RIO DE JANEIRO, BRAZIL – The opposition leader in the Chamber, Deputy Alessandro Molon (PSB-RJ), confirmed on Tuesday, July 9th, that the opposition will rely on an “obstruction package” to persuade legislators to vote against the Social Welfare reform.
For Molon, the federal government is “bluffing” when it claims to have more than 330 votes to pass the bill. As this is a proposed amendment to the constitution, 308 votes in favor are required.
“In our understanding, the obstruction goes far, and we will turn many votes along the way. Our perception so far is that the government does not have the votes it claims to have.”
“The government is bluffing when it says it has more than 330 votes. In our view, the government does not even have 300 votes to pass the bill,” Molon told reporters.
“We will submit all the obstruction motions within our power, and we will see if the government can ensure the presence of its supporters and also the effect of our arguments on them.”
PSB will also request a separate vote on agricultural exports
The opposition leader additionally said that the PSB would request a separate vote to re-examine agricultural exports.
Last week, the Special Commission for the Social Welfare reform reinstated a tax benefit to the rural sector that withdraws R$83.9 billion (US$21 billion) from expected savings through the reform.
The text preserves the 2.6 percent tax rate exemption on the trading of agricultural production as a social contribution tax, provided that part of it is exported.
“We are going to demand that the government show whether it is really concerned with privileges or whether it will keep providing this gift of R$83 billion to the landowners who export, whilst imposing an enormous burden on teachers and police officers, with whom it intends to save a quarter of that amount,” Molon said.
For José Guimarães (PT-CE), the opposition’s “obstruction package is broad, general and unrestricted.”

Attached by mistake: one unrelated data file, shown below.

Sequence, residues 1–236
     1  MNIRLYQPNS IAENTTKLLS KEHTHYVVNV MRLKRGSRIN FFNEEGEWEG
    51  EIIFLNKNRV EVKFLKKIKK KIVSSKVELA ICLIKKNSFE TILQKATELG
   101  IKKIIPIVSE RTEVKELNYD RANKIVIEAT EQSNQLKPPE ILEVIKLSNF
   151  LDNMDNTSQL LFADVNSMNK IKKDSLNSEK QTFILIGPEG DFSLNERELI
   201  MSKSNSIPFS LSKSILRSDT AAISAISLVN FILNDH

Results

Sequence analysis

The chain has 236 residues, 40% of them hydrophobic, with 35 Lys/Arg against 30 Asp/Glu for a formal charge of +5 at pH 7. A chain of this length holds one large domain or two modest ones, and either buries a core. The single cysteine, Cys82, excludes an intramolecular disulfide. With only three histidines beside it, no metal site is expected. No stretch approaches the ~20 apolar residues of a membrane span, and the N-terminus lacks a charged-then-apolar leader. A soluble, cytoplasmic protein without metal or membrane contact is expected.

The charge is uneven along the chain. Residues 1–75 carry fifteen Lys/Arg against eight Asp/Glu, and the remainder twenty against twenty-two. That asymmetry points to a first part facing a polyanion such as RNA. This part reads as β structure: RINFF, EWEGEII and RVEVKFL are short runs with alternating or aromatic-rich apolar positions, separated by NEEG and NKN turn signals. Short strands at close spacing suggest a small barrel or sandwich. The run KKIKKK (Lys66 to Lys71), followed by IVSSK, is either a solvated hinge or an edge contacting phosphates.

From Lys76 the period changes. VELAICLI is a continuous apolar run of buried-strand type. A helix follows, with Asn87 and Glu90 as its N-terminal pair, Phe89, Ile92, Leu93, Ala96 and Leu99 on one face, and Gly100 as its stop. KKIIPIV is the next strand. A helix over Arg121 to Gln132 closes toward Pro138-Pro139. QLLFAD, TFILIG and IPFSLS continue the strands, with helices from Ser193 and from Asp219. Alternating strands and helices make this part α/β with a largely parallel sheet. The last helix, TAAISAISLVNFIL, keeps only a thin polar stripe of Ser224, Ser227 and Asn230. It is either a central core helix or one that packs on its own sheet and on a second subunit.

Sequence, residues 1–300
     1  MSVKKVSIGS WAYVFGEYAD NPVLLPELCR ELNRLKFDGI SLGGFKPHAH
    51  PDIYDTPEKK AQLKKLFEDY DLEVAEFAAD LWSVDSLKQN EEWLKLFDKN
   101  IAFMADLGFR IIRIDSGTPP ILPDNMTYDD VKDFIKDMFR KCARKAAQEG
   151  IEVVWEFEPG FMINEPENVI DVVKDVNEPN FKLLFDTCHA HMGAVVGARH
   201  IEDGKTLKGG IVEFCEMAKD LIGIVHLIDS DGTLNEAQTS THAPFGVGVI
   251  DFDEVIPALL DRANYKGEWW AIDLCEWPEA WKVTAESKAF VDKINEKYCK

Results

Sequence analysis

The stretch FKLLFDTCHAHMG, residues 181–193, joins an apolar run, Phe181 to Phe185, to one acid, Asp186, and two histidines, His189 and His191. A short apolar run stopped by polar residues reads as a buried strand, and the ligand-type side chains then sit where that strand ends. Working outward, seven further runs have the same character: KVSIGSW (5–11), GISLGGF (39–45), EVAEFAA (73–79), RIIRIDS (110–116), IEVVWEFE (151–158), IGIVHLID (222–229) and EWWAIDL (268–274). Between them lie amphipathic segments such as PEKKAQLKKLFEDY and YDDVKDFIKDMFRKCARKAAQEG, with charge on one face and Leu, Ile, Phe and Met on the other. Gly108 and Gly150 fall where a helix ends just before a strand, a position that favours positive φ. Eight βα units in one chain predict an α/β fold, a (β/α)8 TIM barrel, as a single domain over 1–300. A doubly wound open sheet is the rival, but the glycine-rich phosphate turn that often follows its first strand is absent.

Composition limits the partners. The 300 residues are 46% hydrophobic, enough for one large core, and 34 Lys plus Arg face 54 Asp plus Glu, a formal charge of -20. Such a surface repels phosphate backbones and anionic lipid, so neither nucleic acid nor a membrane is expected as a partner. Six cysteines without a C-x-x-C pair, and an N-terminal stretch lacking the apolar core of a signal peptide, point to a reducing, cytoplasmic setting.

“As we are sure that the government does not have the votes, we will obstruct it to force the government to get those votes. We will have at least 72 stormy hours here in plenary session,” he said.
“The government today has no more than 281 votes,” concluded the leftist.
For minority leader, the government is unsure about the vote
According to Jandira Feghali (PCdoB – RJ), the minority leader in the Chamber, the government is “unsure” about the vote.
“The government wants a debating session this afternoon because it doesn’t have the votes. Women’s positions are united because they do not want to vote on several articles in the text, as they involve widows and orphans.”
“The text on the death benefit pension is cruel. It fixes the benefit below the minimum wage, which has never happened in the history of Brazil,” said Jandira.
“The evangelical backbenchers are also rebelling against the text. It’s generating uncertainty on the voting floor. The government is planning to vote tomorrow; it does not even want to vote today because it is unsure about the votes.”
“We will be putting forward an obstruction package — deferring by five, four, three, two, or one session, removing it from the agenda. This is a package to which we are entitled under the regulations, considering the government does not hold the required votes.”